Aside from Kansas City and Cleveland, major metro areas with at least 500,000 residential properties and the highest zombie foreclosure rates are Baltimore, MD (12.4 percent of foreclosure properties); Portland, OR (11.9 percent) and Atlanta, GA (11.5 percent).
The lowest rates in metro areas with at least 500,000 properties are in San Francisco, CA (0.8 percent of foreclosure properties); Charlotte, NC (1.4 percent); Denver, CO (1.7 percent); Philadelphia, PA (1.7 percent) and New York, NY (1.8 percent).
The highest zombie-foreclosure rates among counties with at least 500 properties in foreclosure are in Cuyahoga County (Cleveland), OH (14.9 percent); Broome County (Binghamton), NY (10.8 percent); Onondaga County (Syracuse), NY (10 percent); Summit County (Akron), OH (9.3 percent) and Pinellas County (Clearwater), FL (8.6 percent).
The lowest rates among counties with at least 500 properties in foreclosure are in Passaic County (Paterson), NJ (0.4 percent); Osceola County (Kissimmee), FL (0.6 percent); Westchester County (White Plains), NY (0.9 percent); Queens County, NY (1 percent) and Kings County (Brooklyn), NY (1.1 percent).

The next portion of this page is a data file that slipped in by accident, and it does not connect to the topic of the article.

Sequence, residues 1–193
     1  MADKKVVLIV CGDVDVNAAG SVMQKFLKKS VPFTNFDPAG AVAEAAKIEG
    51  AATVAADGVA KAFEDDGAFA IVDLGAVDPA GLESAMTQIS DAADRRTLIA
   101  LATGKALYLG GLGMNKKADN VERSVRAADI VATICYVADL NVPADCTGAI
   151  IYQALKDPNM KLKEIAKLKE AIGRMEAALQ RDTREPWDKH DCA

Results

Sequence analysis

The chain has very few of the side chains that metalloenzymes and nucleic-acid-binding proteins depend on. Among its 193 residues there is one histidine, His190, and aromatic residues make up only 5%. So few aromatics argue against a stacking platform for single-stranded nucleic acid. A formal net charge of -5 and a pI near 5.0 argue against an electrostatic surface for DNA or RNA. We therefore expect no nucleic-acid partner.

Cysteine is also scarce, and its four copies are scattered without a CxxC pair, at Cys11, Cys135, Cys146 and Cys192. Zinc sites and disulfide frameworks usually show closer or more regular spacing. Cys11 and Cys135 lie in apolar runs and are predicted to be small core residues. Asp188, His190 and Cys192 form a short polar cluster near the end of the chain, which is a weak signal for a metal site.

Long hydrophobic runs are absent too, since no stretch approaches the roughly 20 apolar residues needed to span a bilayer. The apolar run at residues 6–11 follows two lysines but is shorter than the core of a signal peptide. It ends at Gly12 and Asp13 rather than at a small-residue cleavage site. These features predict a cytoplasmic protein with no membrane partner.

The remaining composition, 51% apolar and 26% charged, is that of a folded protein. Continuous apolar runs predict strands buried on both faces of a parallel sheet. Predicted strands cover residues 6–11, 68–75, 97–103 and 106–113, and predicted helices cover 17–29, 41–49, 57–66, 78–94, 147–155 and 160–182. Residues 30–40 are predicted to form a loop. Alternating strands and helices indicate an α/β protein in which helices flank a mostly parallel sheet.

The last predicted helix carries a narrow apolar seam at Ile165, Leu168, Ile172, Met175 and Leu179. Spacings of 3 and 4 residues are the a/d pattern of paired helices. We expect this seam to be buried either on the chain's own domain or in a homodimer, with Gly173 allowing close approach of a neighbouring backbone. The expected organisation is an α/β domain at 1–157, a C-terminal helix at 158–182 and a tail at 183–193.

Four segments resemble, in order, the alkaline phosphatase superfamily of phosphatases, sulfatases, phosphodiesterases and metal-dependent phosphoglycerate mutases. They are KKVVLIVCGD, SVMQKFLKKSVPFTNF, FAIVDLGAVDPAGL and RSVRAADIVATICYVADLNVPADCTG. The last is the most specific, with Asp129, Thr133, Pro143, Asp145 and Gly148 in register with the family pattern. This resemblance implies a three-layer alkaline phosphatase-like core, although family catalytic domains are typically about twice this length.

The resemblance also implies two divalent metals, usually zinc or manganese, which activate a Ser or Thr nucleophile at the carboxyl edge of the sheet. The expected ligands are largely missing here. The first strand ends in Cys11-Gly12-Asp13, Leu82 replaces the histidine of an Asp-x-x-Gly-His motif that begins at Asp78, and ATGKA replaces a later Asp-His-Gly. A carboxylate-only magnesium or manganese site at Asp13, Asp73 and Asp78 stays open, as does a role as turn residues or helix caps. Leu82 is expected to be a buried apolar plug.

Among zip codes with at least 100 properties in foreclosure, those where the zombie foreclosure rate exceeds 5 percent remain concentrated in New York, Florida, Ohio and Illinois. Those zip codes with the top percentages remain the same as in the third quarter of 2020: 44108, 44112 and 44105, all in Cleveland, OH, 61604 in Peoria, IL, and 13601 in Watertown, NY.
The highest levels of vacant investor-owned homes are in Indiana (8.3 percent), Kansas (6.8 percent), Michigan (6.6 percent), Ohio (6.3 percent) and Rhode Island (6.1 percent).
The highest overall vacancy rates for all residential properties continue to be in Kansas (2.7 percent), Mississippi (2.7 percent), Oklahoma (2.6 percent), Tennessee (2.6 percent) and Indiana (2.5 percent). The lowest continue to be in New Hampshire (0.4 percent), Vermont (0.4 percent), Delaware (0.4 percent), Idaho (0.6 percent) and Colorado (0.7 percent).